A short stroll from Boston’s Charles River, behind a sheath of blue glass on the seventh floor of a Harvard Medical School research building, Jack Szostak is getting set to replay the greatest event on Earth.
He and his 15-member team of graduate students and young postdoctoral research fellows are well on their way to starting biology from scratch — more than 3.5 billion years after it first emerged.
The feat would qualify as creation of life in a test tube if it weren’t for one thing: Szostak’s lab does not rely much on test tubes. “I know exactly where it will happen,” said postdoc Alonso Ricardo, from Cali, Colombia. It will most likely be in a 1.5-milliliter tapered plastic centrifuge tube “smaller than my little finger.” And unlike the first time — when life formed on its own — the second time it will get a boost from human ingenuity and the lab’s elaborate organic chemistry equipment.
Szostak’s endeavor is very different from another artificial life project led by biologist and entrepreneur J. Craig Venter. Venter’s team is using chemical sequencing machines to make a panoply of genes for the highly evolved parts of a modern microbe. Recently he and his colleagues announced that they had inserted an entire genetic blueprint, modeled on a known microbe but built from scratch, into a microbe of another species where the synthesized DNA took over (SN: 6/19/10, p. 5). Venter’s ultimate aim is to build designer organisms with novel and fully contemporary genomes.
Szostak has a far more fundamental aim: to show how unguided natural events might have led to life on Earth in the first place, and to show how the scenario might also play out in myriad other places in the universe. Like bookends on a long row of volumes, the two exercises would frame the story of evolution so far.
In his neat corner office outside the rows of lab benches and work bays, the 57-year-old biochemist leaned forward and explained a deep motivation: “What we’d like to see is, from initial chaos and randomness, how something useful emerges. What we are trying to do, to understand, is how Darwinian evolution can emerge from chemistry…. If we can get a self-propagating chemical system that can evolve, yeah, I’d call that life.”
A place to start
Szostak brings a lot of tools to the project. He has already made his mark on biology throughout a career puzzling over and exploring the workings of DNA and its cousin, RNA. He was a winner last October of the Nobel Prize in physiology or medicine, along with Elizabeth Blackburn of the University of California, San Francisco and Carol Greider of Johns Hopkins University School of Medicine in Baltimore. In the 1980s they showed how telomeres, distinctive caps on the ends of chromosomes, protect a living cell’s DNA and genes from degradation.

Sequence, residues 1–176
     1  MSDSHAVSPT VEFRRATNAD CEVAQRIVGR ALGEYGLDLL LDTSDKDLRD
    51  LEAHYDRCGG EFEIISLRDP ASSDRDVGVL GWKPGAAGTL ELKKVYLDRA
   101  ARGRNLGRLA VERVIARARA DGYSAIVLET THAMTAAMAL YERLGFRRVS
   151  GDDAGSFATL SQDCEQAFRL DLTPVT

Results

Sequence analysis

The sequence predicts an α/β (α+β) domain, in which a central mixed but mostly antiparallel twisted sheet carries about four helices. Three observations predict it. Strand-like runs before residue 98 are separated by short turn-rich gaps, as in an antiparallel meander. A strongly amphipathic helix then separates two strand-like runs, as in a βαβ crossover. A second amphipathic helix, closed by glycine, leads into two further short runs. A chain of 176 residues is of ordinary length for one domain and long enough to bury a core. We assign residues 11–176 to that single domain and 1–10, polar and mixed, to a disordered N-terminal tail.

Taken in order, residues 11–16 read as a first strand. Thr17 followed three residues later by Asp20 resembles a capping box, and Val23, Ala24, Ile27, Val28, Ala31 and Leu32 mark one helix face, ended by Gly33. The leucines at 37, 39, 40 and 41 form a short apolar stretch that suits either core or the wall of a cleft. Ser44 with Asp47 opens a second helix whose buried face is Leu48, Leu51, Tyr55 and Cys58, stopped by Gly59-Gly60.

Szostak, a U.S. citizen now, was born in London, where his father was stationed with the Royal Canadian Air Force. After returning home, Szostak enrolled in McGill University in Montreal at age 16. At 19 he took his degree in cell biology to graduate school at Cornell University. He dove into genetics. Nature published an extract from his biochemistry Ph.D. thesis — on synthetic RNA. At 26 he joined Harvard’s faculty, where he is now a professor of genetics and a Howard Hughes Medical Institute investigator.
By the mid-1980s, electrifying word swept the field of DNA and RNA research. Tom Cech of the University of Colorado at Boulder and Sidney Altman of Yale University independently discovered that RNA — believed to be a mere messenger, carrying genetic blueprints from DNA-based genes to cellular machinery for making proteins — had another trick. It could fold into complex shapes, forming an enzyme that vastly speeds up the natural rate of some reactions (SN: 11/27/82, p. 342). Until then, the only known enzymes were specialized proteins. How life had first made proteins without enzymes, which presumably had to be proteins themselves, had been a chicken-and-egg conundrum.
But the discovery that RNA can be an enzyme, dubbed a ribozyme, potentially able to boost its own replication, led to fresh ideas about how life might have started. Cech imagines an early “RNA world,” where life could have taken its first steps while ignoring all the amino acids floating in the prebiotic soup. Only later, with ribozymes as tools, need life have developed a genetic code for stringing amino acids into proteins — gradually turning metabolic duties over to those proteins.
Ten years ago Szostak and Pier Luigi Luisi, then at the Swiss Federal Institute of Technology in Zurich, settled an argument by writing a paper together. They had been debating the order of important steps in the origin of life. Luigi Luisi favored the membrane first: It would hold a primitive “protocell” together and keep its vital chemicals concentrated. Szostak figured that genetic machinery able to copy itself and assure that its features get passed from generation to generation was paramount. The team’s paper, “Synthesizing Life,” written with David P. Bartel of MIT’s Whitehead Institute for Biomedical Research, came out in Nature in early 2001. It split the difference, arguing that life would need both at the start: a whole cell. Its second paragraph asked “How simple can a cell be and still be considered as living?”
The researchers conceptually stripped it to almost nothing. On the outside, a uniform membrane of simple and ubiquitous lipid, or fat, molecules. Inside, a few strands of nucleotides, some possibly folded into ribozymes.
“After we wrote that paper I figured, well, we put these two ideas together, so we’d better do some experiments,” Szostak recalled.